Where do I draw the line when it comes to obeying the government?

Monday Musings for October 11, 2021

Good morning, Musers,

Have you ever noticed that when you “do” good you “feel” good? God set the world up that way. From the way he made us in particular (… self-aware moral agents with a great capacity to do things) to the way he made the cosmos (… knowable through mathematics, philosophically satisfying and yielding to our touch), the world that encompasses us is best enjoyed through cooperating with its systems.

“For I command you today to love the Lord your God, to walk in obedience to him, and to keep his commands, decrees and laws; then you will live and increase, and the Lord your God will bless you in the land you are entering to possess.” (Deuteronomy 30:16, NIV)

“But godliness with contentment is great gain. “ (1 Timothy 6:6, NIV)

Now, the opposite is true too. If we “do” bad things, we will feel bad… although I understand that rebellion can be exciting at the moment. But rebellion is not our native state; it is our default state… our fallen state. The truth is, we were made for better things (Genesis 1:26).

Because of this, even though our default state is one of sin and rebellion (Romans 3:23), those who are not living for God live under tension. Eventually, the “bad’ feelings caused by this tension will ruin the “good” feelings of rebellion.

This good/bad dichotomy is the basis of everything we are — and everything we feel — here on earth… and how we feel about the government is no exception.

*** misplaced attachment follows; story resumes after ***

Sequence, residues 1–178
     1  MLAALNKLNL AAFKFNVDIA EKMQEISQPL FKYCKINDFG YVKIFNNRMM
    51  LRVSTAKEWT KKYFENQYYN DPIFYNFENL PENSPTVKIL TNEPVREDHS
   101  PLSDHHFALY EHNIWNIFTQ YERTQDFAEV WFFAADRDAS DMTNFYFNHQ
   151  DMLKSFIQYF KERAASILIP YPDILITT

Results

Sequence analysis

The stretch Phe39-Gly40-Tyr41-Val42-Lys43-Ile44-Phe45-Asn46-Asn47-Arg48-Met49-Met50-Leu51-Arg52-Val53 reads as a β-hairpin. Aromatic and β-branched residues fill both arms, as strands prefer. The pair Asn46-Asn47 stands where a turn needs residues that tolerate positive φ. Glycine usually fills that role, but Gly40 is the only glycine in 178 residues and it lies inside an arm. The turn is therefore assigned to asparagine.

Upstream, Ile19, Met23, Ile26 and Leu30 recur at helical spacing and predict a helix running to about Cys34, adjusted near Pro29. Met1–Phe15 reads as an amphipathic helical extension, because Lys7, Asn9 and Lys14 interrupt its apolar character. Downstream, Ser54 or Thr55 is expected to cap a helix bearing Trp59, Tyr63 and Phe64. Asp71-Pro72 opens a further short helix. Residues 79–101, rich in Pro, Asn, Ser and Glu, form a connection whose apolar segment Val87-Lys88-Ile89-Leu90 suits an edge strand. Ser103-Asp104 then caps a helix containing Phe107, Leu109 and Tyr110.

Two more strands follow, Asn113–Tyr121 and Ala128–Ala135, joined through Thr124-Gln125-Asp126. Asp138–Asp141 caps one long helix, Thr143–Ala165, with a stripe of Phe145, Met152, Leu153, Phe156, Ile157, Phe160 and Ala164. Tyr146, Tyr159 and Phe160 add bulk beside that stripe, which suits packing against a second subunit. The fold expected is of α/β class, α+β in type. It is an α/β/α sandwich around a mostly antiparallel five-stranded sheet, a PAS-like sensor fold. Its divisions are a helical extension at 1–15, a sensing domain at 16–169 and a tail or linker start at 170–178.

I understand that no government is perfect. But if we “do good” — that is, if we give honor to whom honor is due (Romans 13:7) — we will feel good … and sometimes feel a little soiled.

Now, cooperating with the world’s systems can be tricky. But not only are its systems the only game in town, God is the one who set them up! But we live in a fallen world, so moral or systemic perfection is not attainable. That being said, we can see it… and that longing view towards perfection is a look into the eyes of God.

When Jesus returns, he will come into a world that is not perfect — and I suspect that he will teach it a lesson or two. But both thermodynamics and the Book of Revelation point to a far future… to a point where perfection is possible because sin and death have been destroyed.

In the meantime, we have to deal with our two natures: we are practical and dirty creatures on the one hand… and we are made in the image of God on the other. It is because of the latter that we strive for moral perfection. We know we can’t reach it — yet we long for it. That is the condition of human beings.

Until Jesus comes, the best we can hope for is optimum results — and a surprising amount of the Bible speaks to just that. Although we are saved by grace and not by works, if you want to feel like a child of God, then do good works. God wants us to be good citizens of both kingdoms.

 

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